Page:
Tim Bourquin: Will there be a time when you think it will be diminishing returns that you won't be able to do this structure if you had to do 50,000 shares or 100,000 shares?
Ben Tippen: No, I think once you get over a couple of thousand shares—you know certainly when you're using 1,500 to 2,000 shares, the whole process is easier. Once you get bigger than that it does become slightly difficult in relation to fills. But once you're beyond that I think beyond it—you know you can—I guess if you're using bigger size you're always going to come across the problems of using bigger size. I guess it's just you have to use your experience of feeling the trade out and what size it can take.
And also as you get the experience you can trade multiple symbols. I mean I can trade two symbols just about now. I obviously do much better when I'm focusing on just one, but I can take trades in multiple symbols at once. And that's another way that you can spread the fills, you know what the route can take. Of course if you're not using the route then it doesn't matter and you can take any size. It's only our specialist routes that limit the size. If you're using an ARCA, ARCA would take any size.
Tim Bourquin: Now one of the things I've heard is that—I've heard now that because of high frequency trading, scalping is much tougher. Have you found any changes because of high frequency trading or program trading?
Ben Tippen: No. Not really. No. When I see hundreds go through on Citigroup, for example, I just ignore them.
Tim Bourquin: Okay.
Ben Tippen: I mean, a hundred is not going to do anything to Citigroup when there's millions of shares on the bid and ask. It's just algorithms.
Tim Bourquin: Did you see flash orders there that actually are taken away so that they give missed signal or they give you kind of confusing signals? Or are you able to kind of see through that?
Ben Tippen: Yeah sure. There are tricks that go in. Yeah, of course. I mean there's nothing anyone can do about stopping the tricks. I mean at the end day someone puts a hundred shares in there with you know a million shares refreshed. So it only shows a hundred, but he's really going to sell a million. You're not going to know until the last minute, until his level won't go and he's just sitting there over a hundred shares holding it. You're not going to know. You know you can't look at Level II and realize that's going. You have to realize when you see him holding it with a hundred shares. There's only limited stuff that you can see in the Level II. There are a lot of games that go on. It's not something you can just look at and just know what's happening. It only gives you certain signals at certain times. Most of the time, it's just noise in the Level II. You know, it has its moments when it does tell you something like a chart does.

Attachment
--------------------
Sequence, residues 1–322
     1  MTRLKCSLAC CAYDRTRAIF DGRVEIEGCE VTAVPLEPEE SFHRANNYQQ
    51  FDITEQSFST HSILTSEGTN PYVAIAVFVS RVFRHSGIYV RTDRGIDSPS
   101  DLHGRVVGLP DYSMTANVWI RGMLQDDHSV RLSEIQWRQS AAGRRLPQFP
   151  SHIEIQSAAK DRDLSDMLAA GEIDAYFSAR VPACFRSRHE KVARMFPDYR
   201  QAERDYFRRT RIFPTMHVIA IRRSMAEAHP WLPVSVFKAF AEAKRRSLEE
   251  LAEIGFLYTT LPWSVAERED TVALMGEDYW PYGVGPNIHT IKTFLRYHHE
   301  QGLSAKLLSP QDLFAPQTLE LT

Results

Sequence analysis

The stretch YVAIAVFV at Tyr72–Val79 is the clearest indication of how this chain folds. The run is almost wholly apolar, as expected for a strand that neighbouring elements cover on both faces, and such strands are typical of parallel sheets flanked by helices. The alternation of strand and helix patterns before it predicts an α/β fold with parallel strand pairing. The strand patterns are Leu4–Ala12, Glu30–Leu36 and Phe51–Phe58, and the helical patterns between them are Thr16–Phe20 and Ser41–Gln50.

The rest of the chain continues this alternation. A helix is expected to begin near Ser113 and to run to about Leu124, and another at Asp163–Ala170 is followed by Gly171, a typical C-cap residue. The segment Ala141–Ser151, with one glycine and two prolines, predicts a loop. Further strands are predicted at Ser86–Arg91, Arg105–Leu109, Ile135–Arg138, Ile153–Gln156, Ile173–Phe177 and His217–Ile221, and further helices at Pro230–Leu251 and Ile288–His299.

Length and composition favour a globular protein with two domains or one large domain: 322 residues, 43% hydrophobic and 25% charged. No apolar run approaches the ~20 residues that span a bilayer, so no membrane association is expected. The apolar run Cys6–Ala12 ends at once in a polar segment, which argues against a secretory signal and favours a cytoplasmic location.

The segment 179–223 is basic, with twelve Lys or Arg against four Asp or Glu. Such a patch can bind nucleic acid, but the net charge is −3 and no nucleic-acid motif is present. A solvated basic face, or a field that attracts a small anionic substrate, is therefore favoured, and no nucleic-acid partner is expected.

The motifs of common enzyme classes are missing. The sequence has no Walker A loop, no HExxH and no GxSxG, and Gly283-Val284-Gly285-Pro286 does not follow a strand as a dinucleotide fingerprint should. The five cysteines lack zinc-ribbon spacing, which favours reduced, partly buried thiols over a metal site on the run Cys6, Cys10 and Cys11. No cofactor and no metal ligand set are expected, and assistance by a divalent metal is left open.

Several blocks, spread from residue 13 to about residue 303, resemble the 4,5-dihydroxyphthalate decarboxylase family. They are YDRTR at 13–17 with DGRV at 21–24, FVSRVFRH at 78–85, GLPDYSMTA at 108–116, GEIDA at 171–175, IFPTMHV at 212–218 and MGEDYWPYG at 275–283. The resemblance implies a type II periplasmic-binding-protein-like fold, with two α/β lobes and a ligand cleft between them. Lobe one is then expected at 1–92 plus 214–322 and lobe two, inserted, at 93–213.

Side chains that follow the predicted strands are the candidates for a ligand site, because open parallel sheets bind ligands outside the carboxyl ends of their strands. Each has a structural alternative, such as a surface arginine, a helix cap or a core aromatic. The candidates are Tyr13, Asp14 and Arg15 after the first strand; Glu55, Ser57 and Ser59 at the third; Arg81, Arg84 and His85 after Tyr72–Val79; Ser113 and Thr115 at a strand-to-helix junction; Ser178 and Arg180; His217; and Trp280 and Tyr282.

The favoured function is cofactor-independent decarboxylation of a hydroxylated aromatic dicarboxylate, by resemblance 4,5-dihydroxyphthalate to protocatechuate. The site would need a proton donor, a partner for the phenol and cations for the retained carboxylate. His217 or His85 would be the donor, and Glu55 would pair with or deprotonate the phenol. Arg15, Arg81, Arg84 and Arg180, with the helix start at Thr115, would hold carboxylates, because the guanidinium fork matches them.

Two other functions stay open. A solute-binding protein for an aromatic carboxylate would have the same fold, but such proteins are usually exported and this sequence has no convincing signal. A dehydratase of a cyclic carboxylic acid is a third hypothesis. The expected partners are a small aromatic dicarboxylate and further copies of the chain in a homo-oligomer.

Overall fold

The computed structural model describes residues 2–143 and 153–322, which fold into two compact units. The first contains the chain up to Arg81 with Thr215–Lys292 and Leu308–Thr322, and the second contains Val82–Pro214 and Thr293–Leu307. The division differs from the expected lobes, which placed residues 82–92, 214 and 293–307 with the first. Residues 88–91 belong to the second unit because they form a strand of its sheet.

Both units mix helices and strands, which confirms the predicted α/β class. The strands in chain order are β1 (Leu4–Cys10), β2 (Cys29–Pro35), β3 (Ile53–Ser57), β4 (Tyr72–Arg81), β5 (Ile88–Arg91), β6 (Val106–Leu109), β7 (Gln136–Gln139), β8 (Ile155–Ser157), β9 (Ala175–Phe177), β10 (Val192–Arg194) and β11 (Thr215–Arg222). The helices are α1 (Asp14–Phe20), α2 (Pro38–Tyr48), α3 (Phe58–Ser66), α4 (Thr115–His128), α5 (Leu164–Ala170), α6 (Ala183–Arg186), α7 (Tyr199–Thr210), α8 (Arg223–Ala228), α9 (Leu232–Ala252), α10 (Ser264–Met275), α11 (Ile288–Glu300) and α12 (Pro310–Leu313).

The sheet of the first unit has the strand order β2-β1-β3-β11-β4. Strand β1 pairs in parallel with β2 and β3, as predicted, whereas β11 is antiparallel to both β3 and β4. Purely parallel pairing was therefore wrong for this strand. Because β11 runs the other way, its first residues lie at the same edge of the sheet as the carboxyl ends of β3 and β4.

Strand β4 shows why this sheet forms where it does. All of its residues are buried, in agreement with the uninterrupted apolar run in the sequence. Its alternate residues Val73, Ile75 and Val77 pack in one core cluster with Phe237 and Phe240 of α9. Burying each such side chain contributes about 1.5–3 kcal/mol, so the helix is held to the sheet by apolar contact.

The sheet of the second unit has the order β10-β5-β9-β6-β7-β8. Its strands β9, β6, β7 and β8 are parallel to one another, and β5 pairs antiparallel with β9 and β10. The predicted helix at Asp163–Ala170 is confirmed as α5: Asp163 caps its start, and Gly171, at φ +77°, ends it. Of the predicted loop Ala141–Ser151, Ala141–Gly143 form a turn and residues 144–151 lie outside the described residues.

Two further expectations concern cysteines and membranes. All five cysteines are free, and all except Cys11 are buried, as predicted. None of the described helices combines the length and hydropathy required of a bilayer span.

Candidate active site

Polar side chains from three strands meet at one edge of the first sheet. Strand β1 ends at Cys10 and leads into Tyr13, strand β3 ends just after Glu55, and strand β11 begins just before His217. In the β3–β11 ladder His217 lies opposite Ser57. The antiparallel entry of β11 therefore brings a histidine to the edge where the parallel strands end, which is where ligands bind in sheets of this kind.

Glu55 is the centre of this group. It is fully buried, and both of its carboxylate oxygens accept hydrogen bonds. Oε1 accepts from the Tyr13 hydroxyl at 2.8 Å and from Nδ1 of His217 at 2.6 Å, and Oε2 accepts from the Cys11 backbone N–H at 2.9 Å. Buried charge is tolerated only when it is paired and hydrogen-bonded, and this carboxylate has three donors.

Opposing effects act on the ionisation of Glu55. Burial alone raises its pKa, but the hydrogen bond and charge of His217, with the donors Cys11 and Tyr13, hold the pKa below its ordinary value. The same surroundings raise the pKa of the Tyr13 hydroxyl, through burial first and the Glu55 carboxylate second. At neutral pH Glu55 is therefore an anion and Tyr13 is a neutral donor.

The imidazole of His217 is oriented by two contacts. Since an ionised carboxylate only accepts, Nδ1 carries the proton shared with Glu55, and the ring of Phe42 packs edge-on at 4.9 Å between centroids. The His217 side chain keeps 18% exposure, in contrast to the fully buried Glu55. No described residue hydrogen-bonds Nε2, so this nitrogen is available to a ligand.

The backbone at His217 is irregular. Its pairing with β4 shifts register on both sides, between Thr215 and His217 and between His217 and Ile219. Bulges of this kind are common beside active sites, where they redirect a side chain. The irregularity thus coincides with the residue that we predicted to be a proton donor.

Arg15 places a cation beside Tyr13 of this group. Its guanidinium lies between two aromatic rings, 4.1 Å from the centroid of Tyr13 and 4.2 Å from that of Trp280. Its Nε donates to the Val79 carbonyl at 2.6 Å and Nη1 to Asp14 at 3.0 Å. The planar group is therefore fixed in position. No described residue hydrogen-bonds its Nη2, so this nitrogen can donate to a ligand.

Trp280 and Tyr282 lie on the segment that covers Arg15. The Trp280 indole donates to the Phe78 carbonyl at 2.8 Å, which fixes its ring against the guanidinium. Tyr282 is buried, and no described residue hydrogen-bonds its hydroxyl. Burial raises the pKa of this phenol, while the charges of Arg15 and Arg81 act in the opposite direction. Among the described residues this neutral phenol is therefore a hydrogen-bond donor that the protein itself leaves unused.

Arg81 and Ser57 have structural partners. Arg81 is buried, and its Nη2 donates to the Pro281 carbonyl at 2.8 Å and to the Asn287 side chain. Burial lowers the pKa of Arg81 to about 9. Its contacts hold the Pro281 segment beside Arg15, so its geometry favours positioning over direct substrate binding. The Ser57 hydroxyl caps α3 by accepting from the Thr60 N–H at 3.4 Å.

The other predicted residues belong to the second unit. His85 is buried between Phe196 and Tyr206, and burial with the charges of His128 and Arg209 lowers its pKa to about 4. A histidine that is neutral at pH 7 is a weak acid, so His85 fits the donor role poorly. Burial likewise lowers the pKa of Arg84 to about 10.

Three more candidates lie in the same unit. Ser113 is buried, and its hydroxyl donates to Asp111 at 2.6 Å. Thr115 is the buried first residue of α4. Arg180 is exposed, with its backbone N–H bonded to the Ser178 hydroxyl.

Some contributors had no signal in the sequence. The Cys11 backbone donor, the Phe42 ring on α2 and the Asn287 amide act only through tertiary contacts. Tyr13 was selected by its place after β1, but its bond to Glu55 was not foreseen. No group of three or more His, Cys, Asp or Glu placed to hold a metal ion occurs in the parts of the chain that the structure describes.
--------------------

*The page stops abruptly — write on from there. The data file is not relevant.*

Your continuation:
Tim Bourquin: I guess that would be the reason to use both together, so maybe the two together.
Ben Tippen: You know, I do use charts. I say I get the levels off the dailies. I mean the guys—when I went to New York, those guys, some of them weren't using any charts at all. Some of them just had daily charts on. Now I don't. I use a whole mix of charts. I look at 15. I look at daily. I look at one minute. I look at five minute all for each share I'm looking at. I then watch all the shares—well not all of them but say nine shares in the same sector along with the ETF. So I have them up on another screen so I can judge related strengths between the share I'm looking at and its peers.
I look at the market. I've got multiple timeframes for the Standard & Poor’s. So you know I'm not just looking at Level II. There's a lot of other stuff going on. Of course, the firm I'm with has a room that we log into so we can all communicate. And quite often someone in there will—if I forget to look at the economical news, or if I miss something that's going on, quite often someone posts something in there and that will just remind me. So for example one of the economical news is coming out at 10 Eastern time and I have forgotten to look then someone will post that a couple of minutes before it comes out and that can just be enough for me to think, "Oh hold on a second. I better just be careful here. Maybe I'm getting too big if that news is coming out." And then the news comes out and it whips the market. The market like tanks off for some reason when the news comes out and my trade goes straight against me. And because I was a little bit more prone from knowing that news is about come to out, quite often that can save some chunks of money for me.
It's like more doing it on your own. I mean retail trading or what P&L trading, so intraday swing trading, I believe is harder than the scalping that I'm doing with the routes. And if you're doing that on your own on the retail accounts even harder. I mean if you're with a group, when you've got more people giving you ideas the stocks they're looking at, what's working for them, you know, telling you when economic news comes out. That is a really big help.
Tim Bourquin: Excellent. Well, Ben, thanks for your time today. I really appreciate you spending some time and talking to us about your strategy.
Ben Tippen: Okay. Thanks Tim.